Saturday, February 11, 2012

The Kindle Fire After Two Months

My wife got me a Kindle Fire for the holidays and I thought I should check in and report on how it’s been going with it. I wanted to provide the perspective of someone who’s been seriously using the device for a few weeks, rather than someone who played with it for a few days.

I’m not a huge tablet fan, in general. I’m a very fast typist and I find it infuriating working with text on an on-screen keyboard. Even a simple search often drives me nuts on my phone.

That’s impacted how I’m using the Fire. I’m really using it to consume content and avoiding creating content on it, including emails and tweets.

In fact, I’m really just using it for games, feed reading, and reading PDFs, and for those purposes, it’s perfect.

I’m not much of a gamer. I pretty much live on NHL 2008 on my PlayStation 2. The Fire is nice for simple, mindless games when I need to zone out for a few minutes, or if I’m waiting for a short period and don’t want to get sucked into reading anything.

The PDF experience is fine. I purchased EZ PDF Reader Pro for reading PDFs, since it gives me the ability to annotate the PDFs also. That’s worked out well for me. And I find myself reading a lot more longform work, since it’s much nicer reading on the Fire than on a laptop screen. I’m constantly making PDFs of long web articles and sending them to the Fire (I like the pagination available in PDFs, rather than scrolling through one long web page).

Of course, figuring out how to get PDFs onto the Fire wasn’t as simple as I thought it would be. Every Fire has a unique email address that allows you to email documents to the device. However, more often than not, the documents wouldn’t arrive, or would only show up once I had restarted the device, which I don’t do too often.

I tried uploading stuff into my Amazon Cloud Drive, thinking they would automatically be available on my Fire, but that’s not how the Cloud Drive works. I would still need to go into the Drive and download the documents via a browser. And shockingly, there’s no Cloud Drive app for the Fire. This is in fact so shocking, I’m going to provide corroboration.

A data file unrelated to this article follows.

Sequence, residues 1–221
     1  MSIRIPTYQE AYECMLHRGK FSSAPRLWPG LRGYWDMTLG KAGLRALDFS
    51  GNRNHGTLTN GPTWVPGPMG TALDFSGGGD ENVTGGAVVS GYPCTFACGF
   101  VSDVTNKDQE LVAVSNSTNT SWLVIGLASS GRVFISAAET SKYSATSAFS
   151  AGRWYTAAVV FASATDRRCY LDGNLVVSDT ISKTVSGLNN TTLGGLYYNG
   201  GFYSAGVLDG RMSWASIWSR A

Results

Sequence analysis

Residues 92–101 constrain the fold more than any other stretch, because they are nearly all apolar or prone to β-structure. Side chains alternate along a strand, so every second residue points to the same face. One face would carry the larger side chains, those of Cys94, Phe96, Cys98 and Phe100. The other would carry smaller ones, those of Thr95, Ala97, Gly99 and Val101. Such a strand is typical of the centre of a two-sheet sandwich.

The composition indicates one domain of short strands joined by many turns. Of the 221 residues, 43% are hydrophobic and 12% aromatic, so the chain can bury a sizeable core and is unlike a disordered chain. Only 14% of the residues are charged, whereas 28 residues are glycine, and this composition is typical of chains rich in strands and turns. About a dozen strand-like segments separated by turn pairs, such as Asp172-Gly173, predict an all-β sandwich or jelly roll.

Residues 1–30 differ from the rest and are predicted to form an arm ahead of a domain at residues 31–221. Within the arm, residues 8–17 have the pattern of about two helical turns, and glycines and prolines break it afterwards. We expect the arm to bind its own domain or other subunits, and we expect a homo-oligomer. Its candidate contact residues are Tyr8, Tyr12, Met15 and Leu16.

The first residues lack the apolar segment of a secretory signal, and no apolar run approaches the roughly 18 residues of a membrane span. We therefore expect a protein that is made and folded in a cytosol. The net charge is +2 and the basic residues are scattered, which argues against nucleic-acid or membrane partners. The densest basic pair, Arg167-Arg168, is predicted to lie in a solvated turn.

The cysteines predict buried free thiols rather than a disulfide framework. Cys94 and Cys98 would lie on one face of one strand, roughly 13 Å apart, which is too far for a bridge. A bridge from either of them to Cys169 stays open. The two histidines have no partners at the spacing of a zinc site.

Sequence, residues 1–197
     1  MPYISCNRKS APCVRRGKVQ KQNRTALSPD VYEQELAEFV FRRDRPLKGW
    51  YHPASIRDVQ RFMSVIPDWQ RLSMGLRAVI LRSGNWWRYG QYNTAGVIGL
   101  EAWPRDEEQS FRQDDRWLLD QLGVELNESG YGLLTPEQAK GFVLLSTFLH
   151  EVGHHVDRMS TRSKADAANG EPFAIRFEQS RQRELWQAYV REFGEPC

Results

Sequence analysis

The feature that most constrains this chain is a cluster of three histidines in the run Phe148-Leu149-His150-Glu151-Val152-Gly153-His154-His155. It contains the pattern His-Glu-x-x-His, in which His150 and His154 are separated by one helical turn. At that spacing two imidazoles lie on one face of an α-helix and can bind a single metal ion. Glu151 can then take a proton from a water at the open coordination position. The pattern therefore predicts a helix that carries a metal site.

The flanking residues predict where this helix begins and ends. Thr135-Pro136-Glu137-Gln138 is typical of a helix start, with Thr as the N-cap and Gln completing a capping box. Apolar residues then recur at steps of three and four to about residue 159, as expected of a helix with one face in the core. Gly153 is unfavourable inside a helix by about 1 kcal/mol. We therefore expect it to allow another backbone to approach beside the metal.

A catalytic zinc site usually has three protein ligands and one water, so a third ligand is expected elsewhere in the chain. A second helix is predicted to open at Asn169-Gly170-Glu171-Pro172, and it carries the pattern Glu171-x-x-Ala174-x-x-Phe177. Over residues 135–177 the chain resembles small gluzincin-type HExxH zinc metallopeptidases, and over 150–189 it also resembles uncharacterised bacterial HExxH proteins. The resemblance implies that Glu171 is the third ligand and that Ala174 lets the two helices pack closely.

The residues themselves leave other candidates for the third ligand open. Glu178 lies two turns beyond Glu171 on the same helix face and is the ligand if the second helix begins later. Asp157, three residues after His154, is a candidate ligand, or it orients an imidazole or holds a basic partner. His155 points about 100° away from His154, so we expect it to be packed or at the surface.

Also, I was shocked that Dropbox isn’t in the Fire app repositories. I sideloaded it easily, but it’s kind of crazy that such a popular app isn’t available.

Once I had Dropbox installed, uploading content was much, much easier. I just upload everything I want on the Fire into a Kindle folder in my Dropbox account.

I also wound up sideloading the Zinio app. Zinio lets you subscribe to magazines electronically. I sideloaded it since I’m anticipating subscribing to Linux Format in the near future, and I know it’s available electronically via Zinio. Zinio gives a free two-month subscription to some not-so-great magazines, so I got to test it out, and the experience is great. It preserves magazine formatting, which looks great and facilitates browsing, but it also gives you the options of reading articles as plain text, making it easier to read something that’s in a weird layout. It’s the beauty of magazines and the convenience of simple text. Amazon has its own periodical subscription interface but I haven’t tried it out yet.

I know .mobi is supposed to be the Kindle format, but I’ve yet to get any of my .mobi files to work on the Fire. Pretty much everything I’ve wanted to read as a .mobi has also been available as a PDF, which is why I haven’t bothered to figure out what the issue is with those files. Linux Journal's PDF of the magazine is very nice, by the way. It actually makes me OK with their decision to go all digital.